The Commonwealth must work together to end the institutional care of children and reform protection services to ensure: “every child is safe, protected and able to reach their full potential”, the Commonwealth Secretary-General has said.
Her comments came during a roundtable meeting of government officials, stakeholders and experts on Thursday, to discuss the implementation of the Kigali Declaration on Child Care and Protection Reform – one of the four declarations unanimously agreed upon by Commonwealth Heads of Government in Rwanda last June.
The Declaration is a historic agreement among Commonwealth countries that focuses on ensuring and restoring the rights of children following the COVID-19 pandemic, paying particular attention to the most marginalised and excluded.
It contains commitments to phase out orphanages in the Commonwealth and opt for community care of children; to tackle the underlying causes that lead to separation of parents and children, to establish sustainable and effective safeguarding systems and to eliminate child labour in all its forms, including forced labour, trafficking, and sexual exploitation.
Commonwealth Secretary General, Rt Hon Patricia Scotland KC, said:
“More than five million children around the world still live in institutions. Most of these children are not orphans – around 80% of them have at least one living parent.
“But their institutionalisation disproportionately exposes them to vulnerabilities and marginalisation, which can inhibit their development and life chances.
“The truth is that growing up in a family environment is critical to a child’s well-being and development, and every child is entitled to a happy and fulfilling upbringing under the Convention on the Rights of the Child.”
She added: “This is just one of many areas where the Commonwealth can make a real difference.
“We can all work together to prioritise support for, investment in, and reform of childcare and protection services – to enable children to live without abuse or discrimination of any kind; to enjoy their civil, political, social and cultural rights; and to flourish as equal, valued and productive human beings.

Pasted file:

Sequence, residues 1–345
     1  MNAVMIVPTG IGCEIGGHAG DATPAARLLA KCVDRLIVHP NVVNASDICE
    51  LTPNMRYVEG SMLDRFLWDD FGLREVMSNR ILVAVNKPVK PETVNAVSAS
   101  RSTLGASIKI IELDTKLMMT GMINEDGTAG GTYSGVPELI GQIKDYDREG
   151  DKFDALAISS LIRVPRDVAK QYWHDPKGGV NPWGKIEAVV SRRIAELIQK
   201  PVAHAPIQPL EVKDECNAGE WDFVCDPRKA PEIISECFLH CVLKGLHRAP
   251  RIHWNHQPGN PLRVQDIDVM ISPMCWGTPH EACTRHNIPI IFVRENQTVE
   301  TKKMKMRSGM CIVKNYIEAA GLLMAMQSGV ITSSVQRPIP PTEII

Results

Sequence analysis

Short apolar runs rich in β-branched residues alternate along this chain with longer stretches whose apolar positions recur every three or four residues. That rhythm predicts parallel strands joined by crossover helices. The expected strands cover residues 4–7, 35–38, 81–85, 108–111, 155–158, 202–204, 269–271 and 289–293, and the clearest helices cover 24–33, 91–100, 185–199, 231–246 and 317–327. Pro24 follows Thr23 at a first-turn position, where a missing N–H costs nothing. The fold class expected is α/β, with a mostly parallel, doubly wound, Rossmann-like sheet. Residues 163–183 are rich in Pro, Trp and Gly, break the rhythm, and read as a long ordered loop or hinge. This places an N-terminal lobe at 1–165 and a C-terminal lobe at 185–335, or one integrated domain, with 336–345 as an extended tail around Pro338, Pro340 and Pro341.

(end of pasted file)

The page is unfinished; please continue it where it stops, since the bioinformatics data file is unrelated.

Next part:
“We cannot afford to fail our children, so we must give their wellbeing the priority it deserves – and act together to ensure that every child in Commonwealth is safe, protected and able to reach their full potential.”
The far-reaching Declaration recognises that child protection and safeguarding are cross-cutting issues that have strong links to the Commonwealth Secretariat’s work on youth, disability, health, education and early childhood development.
Youth-focused action is being given a spotlight in 2023 as it is the Year of Youth – a seminal 12 months designated for the empowerment and inclusion of the 1.5bn under-30s living in the Commonwealth.
The roundtable meeting was set to build a consensus on a focus for the effective implementation of the Declaration and to agree on collabroation between Commonwealth governments and civil society organisations, with the support of the Commonwealth Secretariat.
Other speakers at the meeting included Joseph Kabakeza, First Counsellor from the Rwandan High Commission, Mark Waddington, CEO Hope and Homes for Children – a civil society organisation working with the Rwandan government on the Declaration initiative, and David Jones, Chair of Commonwealth Children Interest Group, Children of the Commonwealth.
Mr Kabakeza said: “The Kigali declaration on Child Care and Protection Reform highlights many of the areas where we must bolster our efforts.
“Rwanda will continue to collaborate with partners, and the Commonwealth network to champion the Kigali declaration, during our tenure as Commonwealth Chair-In-Office and beyond.”
Mr Waddington said: “Eliminating orphanages is a precondition of developing effective child protection and care systems and a key to unlocking the hardest to reach Sustainable Development Goals.
“The Kigali Declaration, agreed at the Commonwealth Heads of Government Meeting in Rwanda in 2022, recognises this imperative for action and places the Commonwealth at the centre of this global movement. Countries across the Commonwealth are demonstrating that care reform is possible and there is much learning and experience to share. Today’s roundtable is an important step.”